“Tombstone” by Tom Clavin (St. Martin’s Press, 386 Pages, $29.99)
On Oct. 26, 1881, in Tombstone, Ariz., 30 bullets were exchanged in 30 seconds, leaving three men dead and three others wounded. And with that exchange of gunfire, the Earp brothers, John Henry “Doc” Holliday, Billy and Joe Clanton and the OK Corral were forever etched into the annals of the history, folklore and mythology of the American Old West.
I had previously read Clavin’s 2017 book, “Dodge City,” so when “Tombstone” came out in 2020, I did not delay in adding it to my library. Subtitled “The Earp Brothers, Doc Holliday and the Vendetta Ride from Hell,” this book is rich with references to Kansas and offers significant insight on the settlement and taming of the Old West. Abilene, Dodge City, Ellsworth, Fort Scott, Hutchinson and Wichita had contributing roles in the Wyatt Earp legend.
Clavin writes in an earthy, informal style, which is fitting for the subject matter. He acknowledges that the story of the gunfight at the OK Corral has been told many times before but says he wanted to tell “my version of the Tombstone story, to have it refracted through my lens, and along the way provide new and previously overlooked characters and details.” I believe he succeeded.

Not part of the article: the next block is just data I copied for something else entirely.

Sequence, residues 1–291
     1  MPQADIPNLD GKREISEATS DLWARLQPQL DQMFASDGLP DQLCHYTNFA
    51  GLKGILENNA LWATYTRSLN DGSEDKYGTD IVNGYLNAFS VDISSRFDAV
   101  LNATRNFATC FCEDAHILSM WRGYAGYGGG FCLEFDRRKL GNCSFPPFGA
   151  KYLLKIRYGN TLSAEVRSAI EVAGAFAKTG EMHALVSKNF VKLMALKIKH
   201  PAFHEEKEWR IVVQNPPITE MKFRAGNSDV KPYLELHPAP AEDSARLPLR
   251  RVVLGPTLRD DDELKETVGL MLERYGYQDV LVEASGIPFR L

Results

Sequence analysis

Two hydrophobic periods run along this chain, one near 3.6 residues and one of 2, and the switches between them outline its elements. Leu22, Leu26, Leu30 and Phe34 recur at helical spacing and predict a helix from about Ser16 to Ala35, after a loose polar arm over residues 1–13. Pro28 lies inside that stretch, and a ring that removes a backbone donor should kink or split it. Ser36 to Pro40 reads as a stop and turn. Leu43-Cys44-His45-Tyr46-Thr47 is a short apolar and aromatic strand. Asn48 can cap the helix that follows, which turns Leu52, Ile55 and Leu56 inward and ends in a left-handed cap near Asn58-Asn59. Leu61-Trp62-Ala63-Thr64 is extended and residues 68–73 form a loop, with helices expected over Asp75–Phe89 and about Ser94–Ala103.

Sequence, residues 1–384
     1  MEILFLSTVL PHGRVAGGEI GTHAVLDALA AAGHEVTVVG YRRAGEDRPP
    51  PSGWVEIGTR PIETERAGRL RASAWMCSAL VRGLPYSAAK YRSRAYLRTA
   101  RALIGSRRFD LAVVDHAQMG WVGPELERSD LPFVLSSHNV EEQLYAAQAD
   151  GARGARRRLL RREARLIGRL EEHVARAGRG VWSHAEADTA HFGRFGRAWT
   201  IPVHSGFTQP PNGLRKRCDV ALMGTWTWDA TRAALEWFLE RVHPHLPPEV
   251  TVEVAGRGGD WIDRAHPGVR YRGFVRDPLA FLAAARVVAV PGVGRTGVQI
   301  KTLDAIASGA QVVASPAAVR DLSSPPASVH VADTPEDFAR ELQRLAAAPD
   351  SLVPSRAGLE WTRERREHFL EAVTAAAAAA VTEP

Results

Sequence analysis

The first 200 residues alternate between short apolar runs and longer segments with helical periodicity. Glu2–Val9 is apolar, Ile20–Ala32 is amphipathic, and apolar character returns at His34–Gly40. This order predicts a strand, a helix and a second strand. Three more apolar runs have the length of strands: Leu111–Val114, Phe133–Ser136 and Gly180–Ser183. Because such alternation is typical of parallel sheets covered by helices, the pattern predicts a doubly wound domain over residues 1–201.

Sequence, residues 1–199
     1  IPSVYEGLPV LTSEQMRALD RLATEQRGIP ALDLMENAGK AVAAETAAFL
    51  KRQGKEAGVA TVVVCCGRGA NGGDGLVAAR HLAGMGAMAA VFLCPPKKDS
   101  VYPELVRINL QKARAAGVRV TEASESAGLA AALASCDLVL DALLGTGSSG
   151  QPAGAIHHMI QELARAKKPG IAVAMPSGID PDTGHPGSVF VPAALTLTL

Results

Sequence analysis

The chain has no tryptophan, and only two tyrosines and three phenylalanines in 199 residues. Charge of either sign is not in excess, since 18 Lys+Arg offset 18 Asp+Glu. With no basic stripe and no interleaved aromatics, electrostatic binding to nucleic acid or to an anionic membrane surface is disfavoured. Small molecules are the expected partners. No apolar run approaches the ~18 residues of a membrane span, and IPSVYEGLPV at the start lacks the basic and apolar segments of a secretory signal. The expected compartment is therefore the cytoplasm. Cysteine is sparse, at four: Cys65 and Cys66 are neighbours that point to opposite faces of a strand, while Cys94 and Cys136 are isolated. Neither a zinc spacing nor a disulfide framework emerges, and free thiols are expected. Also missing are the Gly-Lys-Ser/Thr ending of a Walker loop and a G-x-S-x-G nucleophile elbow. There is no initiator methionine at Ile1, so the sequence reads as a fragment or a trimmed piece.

“Tombstone” is comprehensive in scope. Clavin tells of the exploration of Arizona and the Southwest by the Spanish and provides information about the life of Native Americans in the area, including Geronimo and Cochise. Bat Masterson, Wild Bill Hickok, Buffalo Bill Cody, Kit Carson, Johnny Ringo and Billy the Kid are all accounted for in “Tombstone.”
Clavin writes of the early days of the Earp family, including Wyatt’s birth in Illinois and his first experience serving as a lawman in Lamar, Missouri. He follows Earp to Dodge City and Wichita, where at age 26 Wyatt worked as a brothel bouncer and gambler. Clavin tells the story of how Wyatt met Doc Holliday; the numerous ladies in Wyatt’s life; how and why he found himself in Tombstone with his brothers Morgan and Virgil; and the circumstances leading up to the shootout and the significant consequences thereof —the Earps, Tombstone and the Old West.
If you have an interest in Kansas history, enjoy tales of the Old West or — like me — were entranced by the 1993 movie Tombstone, I believe you will find Clavin’s new book an entertaining and fun read.
Contact Ted Ayres at firstname.lastname@example.org.